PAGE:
When computer assisted ordering systems (CAOs) first emerged, retail hopes ran high. Digital transformation! Automation! Intelligent ordering! Now, more than a decade and two global crises later, grocers are still struggling to make meaningful progress in improving fresh food ordering processes or implementing technology in a way that moves the P&L needle.
In part, CAOs have failed to deliver on their promises. To be successful they require accurate master data, including delivery times for certain products, product sizes, assortments, order minimums and supplier details. Any errors embedded in the system can result in breakdowns throughout the ordering cycle, leading to shrink, overstocking, understocking and more headaches and manual work for buyers.
CAOs also offer nothing more than basic forecasting capabilities. Teams must still spend time manually inputting data to trigger an order in the system. Orders are based on guesswork, rather than intelligent forecasting driven by inventory realities.
These flaws in CAO-type systems have stunted the potential benefits technology can deliver to grocers. As a result, decision makers at large chains wrestle with whether to keep buying new software or invest in building their own proprietary inventory management solutions. Building such a solution in house can take years and is a feat most grocers cannot undertake on their own. Given the high costs and complexity of building custom solutions, most of these initiatives fail to launch, and when they do, often do not boost margins or deliver meaningful returns.
The options for buying tech are equally inadequate. Many of today’s AI forecasting solutions offer limited feature sets and can be difficult to implement, requiring stores to upend internal operations and processes to fit the software—rather than the software adapting to the grocer’s needs.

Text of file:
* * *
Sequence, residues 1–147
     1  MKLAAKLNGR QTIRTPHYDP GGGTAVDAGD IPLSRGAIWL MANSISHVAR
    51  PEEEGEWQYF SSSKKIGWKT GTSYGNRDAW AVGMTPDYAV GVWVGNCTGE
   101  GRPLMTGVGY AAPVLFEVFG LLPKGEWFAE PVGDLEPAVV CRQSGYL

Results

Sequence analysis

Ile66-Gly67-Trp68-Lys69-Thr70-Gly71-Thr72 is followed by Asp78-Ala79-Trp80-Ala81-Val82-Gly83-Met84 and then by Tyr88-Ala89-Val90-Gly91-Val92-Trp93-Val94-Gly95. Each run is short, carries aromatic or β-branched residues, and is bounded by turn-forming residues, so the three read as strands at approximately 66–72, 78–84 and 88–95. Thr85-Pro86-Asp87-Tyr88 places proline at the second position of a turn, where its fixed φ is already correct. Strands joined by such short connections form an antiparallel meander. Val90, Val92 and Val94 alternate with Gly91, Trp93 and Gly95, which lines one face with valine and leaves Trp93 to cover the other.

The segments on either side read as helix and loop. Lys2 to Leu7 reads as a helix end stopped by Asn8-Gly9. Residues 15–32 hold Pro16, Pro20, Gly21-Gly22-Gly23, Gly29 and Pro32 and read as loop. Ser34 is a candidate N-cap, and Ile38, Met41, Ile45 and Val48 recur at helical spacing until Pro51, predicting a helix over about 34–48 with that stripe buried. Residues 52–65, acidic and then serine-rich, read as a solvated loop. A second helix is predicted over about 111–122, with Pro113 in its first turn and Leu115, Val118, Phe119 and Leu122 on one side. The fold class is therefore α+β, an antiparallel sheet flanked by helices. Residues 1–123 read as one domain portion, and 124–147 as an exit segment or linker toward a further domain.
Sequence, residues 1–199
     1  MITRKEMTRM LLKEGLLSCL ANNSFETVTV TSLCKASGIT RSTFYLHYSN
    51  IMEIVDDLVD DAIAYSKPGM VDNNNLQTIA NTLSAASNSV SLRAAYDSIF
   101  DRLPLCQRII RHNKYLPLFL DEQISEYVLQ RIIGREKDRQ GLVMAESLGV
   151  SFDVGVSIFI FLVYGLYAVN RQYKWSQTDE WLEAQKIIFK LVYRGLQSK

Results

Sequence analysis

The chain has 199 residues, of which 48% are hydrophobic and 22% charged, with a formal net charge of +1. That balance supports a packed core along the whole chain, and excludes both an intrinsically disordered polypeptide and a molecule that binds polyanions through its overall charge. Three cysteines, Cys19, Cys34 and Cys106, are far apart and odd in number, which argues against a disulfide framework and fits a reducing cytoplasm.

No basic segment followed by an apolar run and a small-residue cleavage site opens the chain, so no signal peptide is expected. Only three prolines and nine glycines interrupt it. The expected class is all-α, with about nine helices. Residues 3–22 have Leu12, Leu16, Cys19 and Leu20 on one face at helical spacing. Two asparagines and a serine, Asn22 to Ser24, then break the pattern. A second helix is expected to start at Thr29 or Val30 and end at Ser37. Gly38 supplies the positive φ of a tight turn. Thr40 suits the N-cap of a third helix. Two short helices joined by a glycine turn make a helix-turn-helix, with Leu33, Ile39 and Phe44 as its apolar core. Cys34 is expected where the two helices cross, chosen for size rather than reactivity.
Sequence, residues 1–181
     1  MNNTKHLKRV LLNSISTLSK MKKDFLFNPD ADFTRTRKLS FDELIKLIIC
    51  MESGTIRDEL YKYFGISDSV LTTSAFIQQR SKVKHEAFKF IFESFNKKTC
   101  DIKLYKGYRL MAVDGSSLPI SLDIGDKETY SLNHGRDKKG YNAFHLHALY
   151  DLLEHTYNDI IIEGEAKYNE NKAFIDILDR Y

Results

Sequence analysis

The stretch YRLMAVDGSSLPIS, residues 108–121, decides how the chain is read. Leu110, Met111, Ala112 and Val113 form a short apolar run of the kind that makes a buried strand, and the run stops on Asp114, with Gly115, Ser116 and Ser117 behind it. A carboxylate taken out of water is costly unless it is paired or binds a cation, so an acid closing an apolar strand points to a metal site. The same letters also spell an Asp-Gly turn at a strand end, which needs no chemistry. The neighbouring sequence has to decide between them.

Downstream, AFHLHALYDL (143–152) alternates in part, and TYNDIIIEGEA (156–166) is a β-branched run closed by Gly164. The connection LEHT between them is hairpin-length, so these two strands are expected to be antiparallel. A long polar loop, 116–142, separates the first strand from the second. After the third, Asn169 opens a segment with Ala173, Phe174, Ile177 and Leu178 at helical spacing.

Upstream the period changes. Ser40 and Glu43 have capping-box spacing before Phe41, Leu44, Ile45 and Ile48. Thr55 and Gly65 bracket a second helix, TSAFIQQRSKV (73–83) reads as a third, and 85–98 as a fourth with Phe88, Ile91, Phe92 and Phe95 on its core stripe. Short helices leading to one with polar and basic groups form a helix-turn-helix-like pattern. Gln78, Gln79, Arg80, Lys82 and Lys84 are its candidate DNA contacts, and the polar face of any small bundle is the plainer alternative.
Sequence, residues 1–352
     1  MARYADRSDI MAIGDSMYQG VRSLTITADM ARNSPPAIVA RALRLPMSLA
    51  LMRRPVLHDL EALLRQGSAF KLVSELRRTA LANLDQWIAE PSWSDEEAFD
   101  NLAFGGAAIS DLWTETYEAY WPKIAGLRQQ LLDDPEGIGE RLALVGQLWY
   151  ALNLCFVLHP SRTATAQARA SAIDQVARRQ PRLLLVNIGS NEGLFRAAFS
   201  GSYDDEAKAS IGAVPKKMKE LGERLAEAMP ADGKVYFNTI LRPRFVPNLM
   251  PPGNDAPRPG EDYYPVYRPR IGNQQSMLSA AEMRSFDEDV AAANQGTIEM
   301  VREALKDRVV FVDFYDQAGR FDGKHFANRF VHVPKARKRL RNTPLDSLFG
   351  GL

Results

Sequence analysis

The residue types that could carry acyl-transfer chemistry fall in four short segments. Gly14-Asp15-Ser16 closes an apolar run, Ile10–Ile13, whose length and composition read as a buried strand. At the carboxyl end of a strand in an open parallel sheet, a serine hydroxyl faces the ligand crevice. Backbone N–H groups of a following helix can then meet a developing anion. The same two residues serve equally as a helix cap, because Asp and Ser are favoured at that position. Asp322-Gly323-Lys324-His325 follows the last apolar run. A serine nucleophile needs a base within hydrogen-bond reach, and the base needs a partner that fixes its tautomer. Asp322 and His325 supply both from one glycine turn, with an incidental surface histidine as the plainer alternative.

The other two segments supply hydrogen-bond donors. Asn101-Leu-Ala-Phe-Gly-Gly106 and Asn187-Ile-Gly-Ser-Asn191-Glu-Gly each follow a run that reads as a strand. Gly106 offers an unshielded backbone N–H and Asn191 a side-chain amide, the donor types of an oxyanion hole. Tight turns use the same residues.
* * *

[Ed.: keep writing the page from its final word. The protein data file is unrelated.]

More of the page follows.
At the individual store level, the effort needed to effectively utilize CAOs and forecasting software (and the frequency of mistakes that result from these systems) have led buyers to view technology as more work than it’s worth. Even in instances where a system is well implemented, many buyers lack the time, resources and interest to integrate tech into their day-to-day operations. They are content to fall back on their traditional processes and resist change.
To improve margins, it’s not just the ordering system or the tech that needs an overhaul. The entire business model must shift. Traditionally, grocery vendors have dismissed the viability of scan-based trade — wherein the vendor assumes responsibility for the inventory and grocers pay for only what they sell — as a solution to reduce the cost of shrink. But when a scan-based trade model is paired with intelligent forecasting and ordering, risk is significantly reduced and the technology’s benefits become tangible. The cost of shrink is eliminated, profits increase and buyers can focus on delivering a superior customer experience.
With a partner like Shelf Engine, grocers can transfer fresh and perishable SKUs and efficiently integrate all vendors to a scan-based trade model. Shelf Engine’s platform ingests inventory data daily and overlays what is actually happening in the store with machine learning and probabilistic models that generate highly accurate orders. The system submits PO’s directly to vendors and provides supply chain auditing across stores and vendors on fill rates, shelf lives and in-store operations and merchandising. No new hardware or complex system changes are required, and anything that doesn’t sell is bought back and removed from the grocer’s P&L.
Shelf Engine’s data shows that most grocers using CAOs and one-dimensional forecasting software consistently waste upwards of 20-30% of their fresh food inventory. Conversely, by combining intelligent forecasting software with scan-based trade, grocers have eliminated shrink and achieved a SKU-level gross margin improvement up to 400%, without diminishing the aesthetics of full and varied shelves.
Grocers that keep waiting for their CAO to bear fruit will find that all they have to show for their investment is a crate of bad apples. Instead of hoping for technology to solve shrink, focus instead on improving the business model. It’s only after broken systems are fixed that grocers can truly tap into the full potential AI and advanced technologies have to offer.